Famed for its fortified wine and previously a generic term, now a legal name (Sherry), this sun scorched south western area of Spain is where western Europe's wine making began in 500 BC. Despite the image, good Sherry is far from a dark cupboard dweller and is a throughbred in its own right. The area is now developing a non-fortified reputation, using the surrounding topography to benefit viticulture, producing some brilliant results and attracting investment from afar.Read More
Jerez DO was established in 1933 and its most famous fortified wine, Sherry, is produced in three towns know as the Sherry Triangle. Jerez de la Frontera, Puerto de Santa Maria and Sanlucar de Barrameda make up the trianagle.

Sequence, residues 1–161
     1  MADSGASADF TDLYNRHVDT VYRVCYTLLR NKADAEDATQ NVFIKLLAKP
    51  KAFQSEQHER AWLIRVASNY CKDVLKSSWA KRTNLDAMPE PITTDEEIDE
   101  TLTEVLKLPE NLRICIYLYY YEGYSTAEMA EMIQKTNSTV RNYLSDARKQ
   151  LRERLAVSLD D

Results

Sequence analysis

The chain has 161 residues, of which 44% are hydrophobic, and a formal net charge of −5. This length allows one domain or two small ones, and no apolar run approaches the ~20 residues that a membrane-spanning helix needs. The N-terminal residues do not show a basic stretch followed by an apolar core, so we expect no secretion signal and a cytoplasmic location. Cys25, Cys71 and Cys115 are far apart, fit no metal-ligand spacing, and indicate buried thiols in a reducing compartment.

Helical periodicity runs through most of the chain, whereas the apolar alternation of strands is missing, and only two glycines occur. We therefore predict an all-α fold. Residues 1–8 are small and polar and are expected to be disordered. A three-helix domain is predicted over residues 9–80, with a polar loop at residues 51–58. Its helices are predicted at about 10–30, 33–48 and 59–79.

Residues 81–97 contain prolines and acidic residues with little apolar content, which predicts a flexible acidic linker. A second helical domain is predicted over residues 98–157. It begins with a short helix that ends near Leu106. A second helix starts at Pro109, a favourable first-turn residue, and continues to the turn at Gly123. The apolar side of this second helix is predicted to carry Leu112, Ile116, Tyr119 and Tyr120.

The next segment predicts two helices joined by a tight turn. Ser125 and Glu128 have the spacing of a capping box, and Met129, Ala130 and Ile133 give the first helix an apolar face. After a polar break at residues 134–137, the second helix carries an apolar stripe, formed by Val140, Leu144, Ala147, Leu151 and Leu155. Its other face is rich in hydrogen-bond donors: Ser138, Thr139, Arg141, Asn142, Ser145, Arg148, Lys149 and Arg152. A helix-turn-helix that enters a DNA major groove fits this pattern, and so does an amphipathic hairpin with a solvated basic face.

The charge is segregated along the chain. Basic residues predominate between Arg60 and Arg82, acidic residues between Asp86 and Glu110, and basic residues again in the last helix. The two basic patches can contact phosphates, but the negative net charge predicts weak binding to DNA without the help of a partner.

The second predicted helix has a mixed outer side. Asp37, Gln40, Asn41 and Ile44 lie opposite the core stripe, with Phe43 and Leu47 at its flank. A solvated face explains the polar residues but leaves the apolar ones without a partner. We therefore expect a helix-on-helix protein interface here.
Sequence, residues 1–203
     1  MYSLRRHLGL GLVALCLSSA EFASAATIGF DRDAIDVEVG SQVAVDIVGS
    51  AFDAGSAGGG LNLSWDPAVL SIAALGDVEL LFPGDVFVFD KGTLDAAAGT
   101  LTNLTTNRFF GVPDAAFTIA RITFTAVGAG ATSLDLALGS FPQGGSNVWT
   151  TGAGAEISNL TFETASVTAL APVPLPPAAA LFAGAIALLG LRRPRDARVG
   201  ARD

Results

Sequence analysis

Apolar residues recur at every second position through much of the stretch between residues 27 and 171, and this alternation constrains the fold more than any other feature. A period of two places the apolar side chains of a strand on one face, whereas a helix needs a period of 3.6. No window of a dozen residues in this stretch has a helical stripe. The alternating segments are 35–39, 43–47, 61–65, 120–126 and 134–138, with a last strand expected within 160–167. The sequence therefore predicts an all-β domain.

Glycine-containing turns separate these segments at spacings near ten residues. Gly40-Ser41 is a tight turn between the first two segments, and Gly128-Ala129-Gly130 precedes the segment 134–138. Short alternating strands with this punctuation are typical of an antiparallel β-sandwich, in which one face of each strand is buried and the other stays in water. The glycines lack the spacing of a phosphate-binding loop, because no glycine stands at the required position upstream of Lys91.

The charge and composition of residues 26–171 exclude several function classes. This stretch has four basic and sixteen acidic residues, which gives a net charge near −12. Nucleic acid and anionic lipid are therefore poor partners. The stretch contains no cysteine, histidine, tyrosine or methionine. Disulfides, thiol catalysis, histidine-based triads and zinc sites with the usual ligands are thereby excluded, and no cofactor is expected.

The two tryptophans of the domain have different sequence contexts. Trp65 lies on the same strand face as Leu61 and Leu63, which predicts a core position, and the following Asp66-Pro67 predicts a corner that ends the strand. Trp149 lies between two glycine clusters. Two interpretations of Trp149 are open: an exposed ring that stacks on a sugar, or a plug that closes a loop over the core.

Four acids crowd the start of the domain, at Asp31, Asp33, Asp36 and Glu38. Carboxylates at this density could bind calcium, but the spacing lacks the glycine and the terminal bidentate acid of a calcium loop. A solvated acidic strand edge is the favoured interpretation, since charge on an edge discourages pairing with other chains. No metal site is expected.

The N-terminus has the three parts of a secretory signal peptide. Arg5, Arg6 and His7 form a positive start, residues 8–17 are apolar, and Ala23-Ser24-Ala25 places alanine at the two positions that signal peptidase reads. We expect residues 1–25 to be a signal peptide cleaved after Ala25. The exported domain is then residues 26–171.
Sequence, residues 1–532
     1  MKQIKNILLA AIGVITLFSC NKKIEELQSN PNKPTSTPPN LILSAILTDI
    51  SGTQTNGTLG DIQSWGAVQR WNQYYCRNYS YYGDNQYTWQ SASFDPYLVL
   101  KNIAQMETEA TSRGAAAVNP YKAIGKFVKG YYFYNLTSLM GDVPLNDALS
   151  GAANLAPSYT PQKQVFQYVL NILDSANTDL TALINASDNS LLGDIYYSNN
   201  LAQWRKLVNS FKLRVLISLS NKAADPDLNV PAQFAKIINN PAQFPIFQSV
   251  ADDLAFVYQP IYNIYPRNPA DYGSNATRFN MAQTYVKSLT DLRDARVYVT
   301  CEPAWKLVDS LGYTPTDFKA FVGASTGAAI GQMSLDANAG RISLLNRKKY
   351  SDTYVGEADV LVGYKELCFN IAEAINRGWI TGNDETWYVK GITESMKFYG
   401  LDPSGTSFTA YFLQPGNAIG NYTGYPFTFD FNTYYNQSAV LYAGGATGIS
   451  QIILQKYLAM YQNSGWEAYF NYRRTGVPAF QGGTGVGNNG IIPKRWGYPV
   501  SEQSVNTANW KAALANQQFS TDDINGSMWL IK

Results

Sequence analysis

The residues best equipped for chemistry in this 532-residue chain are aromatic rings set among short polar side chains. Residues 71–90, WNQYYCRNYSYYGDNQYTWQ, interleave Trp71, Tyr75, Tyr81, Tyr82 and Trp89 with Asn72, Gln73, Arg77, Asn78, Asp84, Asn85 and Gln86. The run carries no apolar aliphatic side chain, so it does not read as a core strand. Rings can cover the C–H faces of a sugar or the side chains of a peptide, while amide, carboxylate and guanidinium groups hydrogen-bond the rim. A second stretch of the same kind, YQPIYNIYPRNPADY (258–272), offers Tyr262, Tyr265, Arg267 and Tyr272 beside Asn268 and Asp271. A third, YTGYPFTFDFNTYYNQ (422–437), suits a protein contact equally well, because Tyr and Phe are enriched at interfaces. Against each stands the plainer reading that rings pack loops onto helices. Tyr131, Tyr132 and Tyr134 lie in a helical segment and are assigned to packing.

Palomino Fiano, Pedro Ximenex and Muscato de Alejandria are all white grapes and used to make Sherry. The syles of Sherry range in order of dryness from: Manzanilla, Fino, Amontillado, Paolo Cortado, Olorosso and Pedro Ximenex.
The climate here is maritime, warmed by Spain's interior and cooled by the Mediterranean breezes. This cooling effect is important as it helps retain grape acidity. The area also receives about 300 sunshine days, an important grape ripening factor. There are three main soil types to mention. Albariza has a calcium/clay mixture which is almost white, helping reflect sunlight back onto the grapes. It also retains moisture well. Barros is mostly clay based with chalk and Arenas or sands.